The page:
The doLogin function itself is straightforward. Because we defined a loginForm ref, the Controller automatically generates a getLoginForm function that returns the formpanel that it matches. Once we have that form reference, we pull out its values (username and password) and pass them to an authenticate function. That is mostly what a Controller does - listens for events that fire (usually by the UI) and initiate some action, in this case authenticating.

For more information on Controllers and their capabilities see the controllers guide.


Stores are an important part of Sencha Touch and power most of the data-bound widgets. At its simplest, a Store is not much more than an array of Model instances. Data-bound Components such as List} and [[touch:Ext.DataView DataView
render one item for each Model instance contained in the Store. As Model instances are added or removed from the Store, events fire, which the data-bound Components listen to and use to update themselves.

See the Stores guide for more information on Stores, how they fit with Components in your app, and specific integration points with your Application instance that you should be aware of.

Device Profiles

Sencha Touch operates across a wide range of devices with differing capabilities and screen sizes. A user interface that works well on a tablet may not work very well on a phone and vice versa, so it makes sense to provide customized views for different device types. However, we do not want to have to write our app multiple times just to provide a different UI, but we would like to share as much code as possible.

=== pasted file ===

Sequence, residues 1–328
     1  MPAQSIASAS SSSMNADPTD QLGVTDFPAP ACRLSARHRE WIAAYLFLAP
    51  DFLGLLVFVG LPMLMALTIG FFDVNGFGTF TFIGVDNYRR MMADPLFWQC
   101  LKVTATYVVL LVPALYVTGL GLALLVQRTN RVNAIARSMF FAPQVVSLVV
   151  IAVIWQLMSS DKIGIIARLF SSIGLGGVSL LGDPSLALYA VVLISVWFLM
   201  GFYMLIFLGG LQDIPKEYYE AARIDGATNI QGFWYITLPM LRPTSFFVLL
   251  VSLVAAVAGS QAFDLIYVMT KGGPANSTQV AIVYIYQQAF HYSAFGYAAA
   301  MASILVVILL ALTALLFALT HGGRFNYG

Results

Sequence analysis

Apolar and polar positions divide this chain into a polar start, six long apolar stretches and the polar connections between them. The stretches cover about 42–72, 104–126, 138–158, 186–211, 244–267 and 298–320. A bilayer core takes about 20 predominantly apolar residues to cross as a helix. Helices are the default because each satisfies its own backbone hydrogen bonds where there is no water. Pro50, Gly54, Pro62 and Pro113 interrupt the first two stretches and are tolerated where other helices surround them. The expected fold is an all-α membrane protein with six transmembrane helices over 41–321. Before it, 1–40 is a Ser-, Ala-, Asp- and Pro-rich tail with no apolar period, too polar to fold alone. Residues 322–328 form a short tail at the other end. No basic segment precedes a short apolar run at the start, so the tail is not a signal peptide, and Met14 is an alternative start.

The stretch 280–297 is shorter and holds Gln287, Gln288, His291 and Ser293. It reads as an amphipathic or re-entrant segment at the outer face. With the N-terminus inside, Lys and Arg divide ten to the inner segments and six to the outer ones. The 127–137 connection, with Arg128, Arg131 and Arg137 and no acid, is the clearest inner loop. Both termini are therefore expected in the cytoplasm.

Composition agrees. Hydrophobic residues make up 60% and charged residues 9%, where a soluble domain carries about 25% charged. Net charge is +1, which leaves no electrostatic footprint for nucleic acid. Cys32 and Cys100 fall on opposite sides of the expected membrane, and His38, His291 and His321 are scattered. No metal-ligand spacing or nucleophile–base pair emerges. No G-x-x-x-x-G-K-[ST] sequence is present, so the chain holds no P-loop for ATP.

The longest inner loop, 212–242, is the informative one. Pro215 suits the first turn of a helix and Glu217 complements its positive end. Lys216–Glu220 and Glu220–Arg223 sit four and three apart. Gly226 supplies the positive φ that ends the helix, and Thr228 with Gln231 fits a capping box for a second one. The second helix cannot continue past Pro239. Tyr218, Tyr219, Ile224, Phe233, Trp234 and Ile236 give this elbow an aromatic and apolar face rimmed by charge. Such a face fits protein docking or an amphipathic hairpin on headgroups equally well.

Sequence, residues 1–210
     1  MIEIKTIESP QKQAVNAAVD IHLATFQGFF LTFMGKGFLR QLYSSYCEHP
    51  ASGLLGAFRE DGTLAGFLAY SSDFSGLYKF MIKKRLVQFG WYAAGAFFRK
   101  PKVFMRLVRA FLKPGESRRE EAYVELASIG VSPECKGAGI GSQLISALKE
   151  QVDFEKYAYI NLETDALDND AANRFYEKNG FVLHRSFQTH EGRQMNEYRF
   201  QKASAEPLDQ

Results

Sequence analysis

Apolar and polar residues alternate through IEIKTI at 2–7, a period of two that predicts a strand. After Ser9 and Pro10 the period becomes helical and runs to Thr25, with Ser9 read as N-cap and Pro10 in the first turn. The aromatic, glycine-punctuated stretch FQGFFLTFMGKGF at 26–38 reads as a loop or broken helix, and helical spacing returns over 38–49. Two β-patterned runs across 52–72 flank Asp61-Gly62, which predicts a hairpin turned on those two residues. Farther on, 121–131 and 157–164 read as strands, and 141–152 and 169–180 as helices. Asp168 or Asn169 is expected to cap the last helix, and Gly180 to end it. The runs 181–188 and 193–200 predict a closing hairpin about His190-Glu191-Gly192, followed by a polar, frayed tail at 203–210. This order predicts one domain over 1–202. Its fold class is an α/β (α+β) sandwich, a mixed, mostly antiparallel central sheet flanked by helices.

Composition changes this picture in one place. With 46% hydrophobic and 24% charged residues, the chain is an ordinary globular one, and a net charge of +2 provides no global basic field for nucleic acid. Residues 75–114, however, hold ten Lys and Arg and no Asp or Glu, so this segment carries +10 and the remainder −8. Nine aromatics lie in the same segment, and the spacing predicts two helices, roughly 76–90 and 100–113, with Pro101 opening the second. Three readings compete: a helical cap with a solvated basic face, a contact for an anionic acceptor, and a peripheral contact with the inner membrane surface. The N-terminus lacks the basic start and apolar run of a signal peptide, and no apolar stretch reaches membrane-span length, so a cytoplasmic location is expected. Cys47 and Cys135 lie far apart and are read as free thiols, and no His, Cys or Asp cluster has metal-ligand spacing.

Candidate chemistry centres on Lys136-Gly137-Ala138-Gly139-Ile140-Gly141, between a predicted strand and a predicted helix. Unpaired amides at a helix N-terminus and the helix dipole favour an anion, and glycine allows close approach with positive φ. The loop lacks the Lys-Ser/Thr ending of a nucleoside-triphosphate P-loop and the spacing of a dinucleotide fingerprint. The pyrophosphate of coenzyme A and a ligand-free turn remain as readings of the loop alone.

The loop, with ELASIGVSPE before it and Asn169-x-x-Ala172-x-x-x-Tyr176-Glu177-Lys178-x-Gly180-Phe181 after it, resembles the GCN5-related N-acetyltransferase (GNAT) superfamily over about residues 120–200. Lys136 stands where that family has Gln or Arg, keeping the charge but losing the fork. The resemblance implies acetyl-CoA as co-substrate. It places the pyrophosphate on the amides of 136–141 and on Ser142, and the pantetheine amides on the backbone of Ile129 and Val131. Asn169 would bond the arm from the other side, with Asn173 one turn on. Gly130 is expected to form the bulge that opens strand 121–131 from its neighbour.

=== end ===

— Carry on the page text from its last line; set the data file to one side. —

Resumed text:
Device Profiles are simple classes that enable you to define the different types of devices supported by your app and how they should be handled differently. They are optional, meaning you can develop your app without profiles at first and add them in later, or never use them at all. Each profile simply defines an isActive function that should return true if that profile should be active on the current device, plus a set of additional models, views, and controllers that load if that profile is detected.

To add Profile support to your app, you need to tell your Application about the Profiles and create subclasses for each, for example:

    name: 'MyApp',
    profiles: ['Phone', 'Tablet']

    // as before

By defining the Phone and Tablet profiles, the Application loads the app/profile/Phone.js and app/profile/Tablet.js files. Let’s assume that the tablet version of the app supports additional capabilities, for example managing groups. This example shows how you can define a Tablet profile:

Ext.define('MyApp.profile.Tablet', {
    extend: '',

    config: {
        controllers: ['Groups'],
        views: ['GroupAdmin'],
        models: ['MyApp.model.Group']

    isActive: function() {